LotRFI Pt. 29–Wormtongue

As you have no doubt gathered, I was not a very trusting child. Each time members of the Fellowship come across a character whose motives could be questioned, or where there was any vagueness whatsoever, I was quick to ascribe the worst to them. Finally, I found the kind of character I was waiting for in Wormtongue. He was deceitful, treacherous, and calculating: exactly what I expected from Maggot, Bombadil, and Aragorn when I first encountered them.

grima-wormtongue-by-suzanne-helmigh-d57tgmh
Image copyright Suzanne Helmigh

The way that Wormtongue manipulates the interaction between Théoden and Gandalf from the very beginning made me mistrustful of him. I always felt that the way Théoden stands to deliver his opening volley at Gandalf and then quickly sits again was reminiscent of someone reciting something from memory. In fact, I was reminded sharply of Sam, standing up to recite verse when he was amongst the trolls.

The fact that Wormtongue took over immediately after this speech and was the true opponent of Gandalf in dialogue made me wonder if he had written this speech for Théoden. I assumed that this was the typical modus operandi for Wormtongue. He would feed an opening monologue to Théoden, who would exclaim it from rote, and then Wormtongue would actually deal with conversations. This would lend him the king’s credibility and make it seem that they were in agreement on everything. Additionally, this process would allow Wormtongue to further his brainwashing of Théoden with every interaction, as he attempts to do when talking with Gandalf.

I think Gandalf’s power in dealing with Wormtongue is that he is quick to identify this technique and challenges it from the beginning. He ignores Wormtongue initially, and directly addresses Théoden around him. After Wormtongue’s tirade against Gandalf, Gandalf disregards the abuse, instead saying:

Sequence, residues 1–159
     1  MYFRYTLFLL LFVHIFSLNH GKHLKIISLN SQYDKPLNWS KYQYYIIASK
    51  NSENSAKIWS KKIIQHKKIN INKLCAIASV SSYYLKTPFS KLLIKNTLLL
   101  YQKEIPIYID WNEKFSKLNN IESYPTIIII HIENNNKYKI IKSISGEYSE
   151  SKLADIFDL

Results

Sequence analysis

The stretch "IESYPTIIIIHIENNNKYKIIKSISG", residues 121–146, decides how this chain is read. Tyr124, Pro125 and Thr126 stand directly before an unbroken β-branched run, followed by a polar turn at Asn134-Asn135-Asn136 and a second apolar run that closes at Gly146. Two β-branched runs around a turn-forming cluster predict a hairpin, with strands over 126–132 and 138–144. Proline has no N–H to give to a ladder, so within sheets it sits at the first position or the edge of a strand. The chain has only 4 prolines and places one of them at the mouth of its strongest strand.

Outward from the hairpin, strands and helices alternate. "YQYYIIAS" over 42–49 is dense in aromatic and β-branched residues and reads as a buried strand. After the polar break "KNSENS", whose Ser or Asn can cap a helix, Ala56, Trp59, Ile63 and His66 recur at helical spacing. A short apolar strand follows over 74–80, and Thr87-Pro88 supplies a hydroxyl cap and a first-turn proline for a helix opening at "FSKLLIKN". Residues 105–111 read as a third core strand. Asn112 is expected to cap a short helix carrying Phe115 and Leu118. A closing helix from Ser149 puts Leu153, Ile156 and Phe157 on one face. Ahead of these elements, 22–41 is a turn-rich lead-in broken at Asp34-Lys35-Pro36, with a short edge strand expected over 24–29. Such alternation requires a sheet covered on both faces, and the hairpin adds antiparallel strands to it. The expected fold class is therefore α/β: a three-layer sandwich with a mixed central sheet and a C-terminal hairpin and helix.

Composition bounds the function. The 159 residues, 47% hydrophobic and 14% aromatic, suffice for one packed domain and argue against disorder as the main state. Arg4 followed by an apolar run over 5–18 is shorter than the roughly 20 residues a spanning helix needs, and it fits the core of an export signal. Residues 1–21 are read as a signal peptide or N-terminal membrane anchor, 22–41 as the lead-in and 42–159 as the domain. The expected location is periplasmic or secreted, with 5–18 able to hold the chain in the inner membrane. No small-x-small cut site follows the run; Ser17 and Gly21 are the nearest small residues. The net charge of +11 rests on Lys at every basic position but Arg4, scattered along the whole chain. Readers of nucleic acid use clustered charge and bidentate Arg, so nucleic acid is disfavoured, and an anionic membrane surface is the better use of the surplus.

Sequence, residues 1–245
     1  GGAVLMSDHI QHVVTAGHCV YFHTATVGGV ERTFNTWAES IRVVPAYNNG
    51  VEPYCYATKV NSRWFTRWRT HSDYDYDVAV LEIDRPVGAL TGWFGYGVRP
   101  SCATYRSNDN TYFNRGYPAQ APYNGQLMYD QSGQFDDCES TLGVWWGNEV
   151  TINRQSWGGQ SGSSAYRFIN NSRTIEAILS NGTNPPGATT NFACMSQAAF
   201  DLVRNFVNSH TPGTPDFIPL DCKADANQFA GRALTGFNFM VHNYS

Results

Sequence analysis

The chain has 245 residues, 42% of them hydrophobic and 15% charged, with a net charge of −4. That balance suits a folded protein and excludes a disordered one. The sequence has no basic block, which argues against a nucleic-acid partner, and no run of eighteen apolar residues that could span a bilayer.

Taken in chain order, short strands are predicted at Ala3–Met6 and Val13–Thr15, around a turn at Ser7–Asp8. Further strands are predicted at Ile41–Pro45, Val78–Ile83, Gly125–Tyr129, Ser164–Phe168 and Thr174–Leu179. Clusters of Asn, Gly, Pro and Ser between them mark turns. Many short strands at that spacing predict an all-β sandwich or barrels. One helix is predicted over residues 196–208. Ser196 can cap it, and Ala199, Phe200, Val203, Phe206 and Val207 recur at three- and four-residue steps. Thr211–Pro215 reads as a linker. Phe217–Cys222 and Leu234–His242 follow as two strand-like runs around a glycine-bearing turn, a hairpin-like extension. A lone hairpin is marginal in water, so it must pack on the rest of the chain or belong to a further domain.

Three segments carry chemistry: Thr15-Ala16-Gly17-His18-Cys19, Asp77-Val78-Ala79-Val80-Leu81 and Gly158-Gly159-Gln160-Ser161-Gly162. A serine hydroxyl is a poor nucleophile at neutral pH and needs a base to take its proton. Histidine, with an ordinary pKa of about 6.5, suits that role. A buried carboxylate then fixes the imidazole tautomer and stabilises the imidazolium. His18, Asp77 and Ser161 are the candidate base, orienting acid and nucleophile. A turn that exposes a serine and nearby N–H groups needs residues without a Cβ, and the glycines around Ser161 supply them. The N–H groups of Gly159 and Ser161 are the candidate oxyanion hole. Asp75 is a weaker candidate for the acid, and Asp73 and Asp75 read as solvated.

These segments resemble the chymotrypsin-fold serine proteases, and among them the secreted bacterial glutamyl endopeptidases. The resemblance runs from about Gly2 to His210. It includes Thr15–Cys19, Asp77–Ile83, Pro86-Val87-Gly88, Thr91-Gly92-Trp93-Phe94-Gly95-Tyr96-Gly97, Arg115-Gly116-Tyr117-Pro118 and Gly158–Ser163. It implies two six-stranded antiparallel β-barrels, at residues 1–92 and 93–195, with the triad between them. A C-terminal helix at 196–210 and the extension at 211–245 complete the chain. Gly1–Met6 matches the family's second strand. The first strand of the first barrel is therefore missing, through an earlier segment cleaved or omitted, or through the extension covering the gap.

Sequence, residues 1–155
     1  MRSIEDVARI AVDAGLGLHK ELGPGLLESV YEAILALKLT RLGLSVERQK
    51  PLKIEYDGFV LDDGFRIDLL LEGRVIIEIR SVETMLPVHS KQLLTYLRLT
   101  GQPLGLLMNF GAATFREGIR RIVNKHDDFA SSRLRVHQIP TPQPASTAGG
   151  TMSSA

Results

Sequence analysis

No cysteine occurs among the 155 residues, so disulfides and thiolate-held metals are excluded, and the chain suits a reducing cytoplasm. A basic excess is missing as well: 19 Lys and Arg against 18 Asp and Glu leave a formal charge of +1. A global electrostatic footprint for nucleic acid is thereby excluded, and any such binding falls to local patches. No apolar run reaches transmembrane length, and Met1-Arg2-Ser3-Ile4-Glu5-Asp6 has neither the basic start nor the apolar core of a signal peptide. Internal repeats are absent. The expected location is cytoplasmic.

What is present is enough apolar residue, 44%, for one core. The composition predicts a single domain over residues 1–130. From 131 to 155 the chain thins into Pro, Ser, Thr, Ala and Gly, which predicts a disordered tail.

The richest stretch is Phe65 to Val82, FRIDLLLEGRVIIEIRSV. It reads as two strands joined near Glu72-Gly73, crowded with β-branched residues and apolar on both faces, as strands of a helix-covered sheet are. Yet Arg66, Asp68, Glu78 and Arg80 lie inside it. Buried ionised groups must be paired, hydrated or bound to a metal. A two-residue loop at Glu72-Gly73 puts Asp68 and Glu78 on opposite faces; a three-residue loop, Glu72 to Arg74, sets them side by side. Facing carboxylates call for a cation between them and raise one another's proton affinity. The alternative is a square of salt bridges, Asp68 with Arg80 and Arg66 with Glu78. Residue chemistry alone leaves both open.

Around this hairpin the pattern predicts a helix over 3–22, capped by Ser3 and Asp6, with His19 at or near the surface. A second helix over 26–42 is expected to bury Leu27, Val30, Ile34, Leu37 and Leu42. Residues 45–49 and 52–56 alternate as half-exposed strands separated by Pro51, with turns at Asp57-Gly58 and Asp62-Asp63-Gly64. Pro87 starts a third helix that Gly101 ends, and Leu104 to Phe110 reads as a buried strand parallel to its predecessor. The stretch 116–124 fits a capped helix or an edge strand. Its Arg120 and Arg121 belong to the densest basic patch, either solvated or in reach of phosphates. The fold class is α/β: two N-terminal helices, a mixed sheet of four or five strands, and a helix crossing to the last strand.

‘The courtesy of your hall is somewhat lessened of late, Théoden son of Thengel…[we] have passed through the shadow of great perils to your hall’ (TT, III, vi, 139).

Wormtongue tries to reassert himself into the conversation, disparaging that the traveler’s road took them through the Golden Wood. To this, Gandalf sings, and then castigates Wormtongue for speaking ill of things he has no knowledge of.

The interaction where Gandalf dismisses Wormtongue is interesting. As he cowers away from Gandalf, Wormtongue says:

‘Did I not counsel you, lord, to forbid his staff? That fool, Háma, has betrayed us!’ (TT, III, vi, 140).

This is the clearest indication so far that the power of the wizards is bound up in their staff. I think this is the point when the observation finally sunk in for me in my first reading. I did not know whether the power itself was in the staff, or if the staff was simply the most effective tool for channeling a wizard’s power. Perhaps I thought of the staff in the same way I thought of lightsabers in the Star Wars universe, something which I was incredibly familiar with. They were implements which harnessed the innate powers of the individual to a greater extent than could otherwise be achieved.

Where Do We Go From Here?

I think we will stop by Helm’s Deep, then take a look at Saruman!

What Do You Think?

What was your initial impression of Wormtongue?
What did you make of the importance placed on Gandalf’s staff?
Have I missed anything? Let me know!

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